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Ask Sara: Does “I Love You” Mean the Same Thing in Japan?

My date told me she loved me. Is this miscommunication or potential pet murder?

By 2 min read 1

Our resident love-in-Japan writer, Sara Who, answers your questions on everything from dating rules to finding a partner for love, marriage and more. Got a question you’d like to ask Sara? Email it to editorial@gplusmedia.com.

Fatal attraction?

Hi Sara,

I’m a German guy here on a work exchange and just recently started dating a girl. We’ve been on a couple of dates so far, which have been really fun, but on our last date I casually asked her how she felt about me and she told me: “I love you.” I was kind of shocked, to be honest. I thought Japanese people didn’t really say that kind of stuff directly.

Is this a language thing? Or should I be worried that she’s going to kill my pet rabbit?

— Fearing For My Pet

Dear Fearing,

This actually happened to me once — on a first date! I was having a drink with a guy I had just met, and he straight up asked me to be his girlfriend. This being after we had spent less than two hours together. Half-horrified, half-amused, I told him we barely knew each other and he declared that he “just knew I was the one for him.” He was dead serious. To this day, I still don’t know if something got lost in translation somewhere, but if I had to put money on it, I’d say he probably thought I would fall into his arms straight away (or into his bed.)

In the case of your date, I’d say the problem is most likely to be a language issue. A lot of the Japanese people I know say they don’t understand “I love you” as a phrase that’s heavy with meaning. Foreign teacher friends have often complained about how students yell that they love them in the hallway and it makes them feel awkward. Simply, “I love you,” for many non-English speakers, just doesn’t have the same nuance.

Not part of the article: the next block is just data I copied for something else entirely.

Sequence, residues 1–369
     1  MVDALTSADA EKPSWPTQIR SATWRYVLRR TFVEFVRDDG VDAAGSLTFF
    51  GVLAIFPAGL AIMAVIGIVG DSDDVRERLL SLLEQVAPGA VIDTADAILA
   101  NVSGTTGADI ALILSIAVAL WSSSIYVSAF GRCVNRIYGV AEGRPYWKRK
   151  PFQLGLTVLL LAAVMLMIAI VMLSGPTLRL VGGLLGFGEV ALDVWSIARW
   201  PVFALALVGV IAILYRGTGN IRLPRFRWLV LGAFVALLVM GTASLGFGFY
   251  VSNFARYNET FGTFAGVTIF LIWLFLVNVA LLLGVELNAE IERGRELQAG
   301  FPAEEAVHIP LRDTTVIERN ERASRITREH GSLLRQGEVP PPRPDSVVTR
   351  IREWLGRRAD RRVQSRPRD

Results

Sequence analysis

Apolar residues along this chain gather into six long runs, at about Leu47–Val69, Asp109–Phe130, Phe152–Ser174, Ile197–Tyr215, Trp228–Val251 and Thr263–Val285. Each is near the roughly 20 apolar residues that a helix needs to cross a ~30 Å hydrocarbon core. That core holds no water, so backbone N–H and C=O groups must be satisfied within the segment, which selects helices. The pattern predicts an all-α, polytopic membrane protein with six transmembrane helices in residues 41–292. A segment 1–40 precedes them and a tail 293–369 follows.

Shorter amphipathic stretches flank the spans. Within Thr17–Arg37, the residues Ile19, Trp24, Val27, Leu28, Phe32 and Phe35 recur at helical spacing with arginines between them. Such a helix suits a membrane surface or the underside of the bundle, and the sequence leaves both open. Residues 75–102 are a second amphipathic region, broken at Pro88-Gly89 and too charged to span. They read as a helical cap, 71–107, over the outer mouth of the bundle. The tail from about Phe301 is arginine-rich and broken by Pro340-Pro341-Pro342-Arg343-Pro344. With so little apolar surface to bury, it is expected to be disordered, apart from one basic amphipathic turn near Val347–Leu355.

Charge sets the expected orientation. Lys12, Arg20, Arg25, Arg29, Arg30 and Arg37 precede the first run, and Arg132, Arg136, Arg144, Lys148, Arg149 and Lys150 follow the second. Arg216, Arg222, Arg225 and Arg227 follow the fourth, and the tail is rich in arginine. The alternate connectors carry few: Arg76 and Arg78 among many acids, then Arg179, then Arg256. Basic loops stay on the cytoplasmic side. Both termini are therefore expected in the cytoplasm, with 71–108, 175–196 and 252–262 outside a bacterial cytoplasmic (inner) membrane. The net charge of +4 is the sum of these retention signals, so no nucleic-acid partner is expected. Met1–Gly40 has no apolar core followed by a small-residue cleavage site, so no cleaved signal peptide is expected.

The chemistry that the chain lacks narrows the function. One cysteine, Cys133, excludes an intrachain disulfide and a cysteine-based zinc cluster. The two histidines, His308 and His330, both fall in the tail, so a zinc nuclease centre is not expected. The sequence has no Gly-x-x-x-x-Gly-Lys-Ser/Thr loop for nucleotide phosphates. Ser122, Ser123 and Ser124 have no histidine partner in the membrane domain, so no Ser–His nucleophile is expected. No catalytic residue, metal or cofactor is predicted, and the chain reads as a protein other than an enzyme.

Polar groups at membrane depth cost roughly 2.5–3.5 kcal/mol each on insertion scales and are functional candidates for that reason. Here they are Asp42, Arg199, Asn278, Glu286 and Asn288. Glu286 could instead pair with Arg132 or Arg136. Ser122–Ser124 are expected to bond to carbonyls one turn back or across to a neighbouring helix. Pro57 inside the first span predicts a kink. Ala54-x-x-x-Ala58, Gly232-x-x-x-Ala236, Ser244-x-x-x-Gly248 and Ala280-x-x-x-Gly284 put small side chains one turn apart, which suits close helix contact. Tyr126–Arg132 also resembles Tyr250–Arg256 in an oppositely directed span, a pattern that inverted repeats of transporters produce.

Maybe try to ask her what she meant the next time you meet and explain the difference between “like” and “love.” Even better, ask her to tell you in Japanese. If she replies “すき (suki, I like you),” then you can relax. She’s probably trying to tell you she wants to become your girlfriend. It’s a bit early, but not out of the ordinary, especially if you guys are still young. However, if she says “あいしてる (aishiteiru, I love you),” then that’s a completely different story. Run for the hills, and don’t forget your pet rabbit!

Love, Sara

What do you reckon: is this a case of lost in translation or fatal attraction? Have you ever been told “I love you” after just a few dates? Share your experience in the comments! 

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  • Dale Goodwin says:

    In my experience, Japanese NEVER say “I love you” with a full comprehension of what they are saying. Even if they are fluent in English and married to a native English speaker, they don’t use that phrase. (Married to a native Japanese going on 37 years) Native Japanese never use that phrase with each other either – so much so that when you hear it used by somebody, it sounds phoney.



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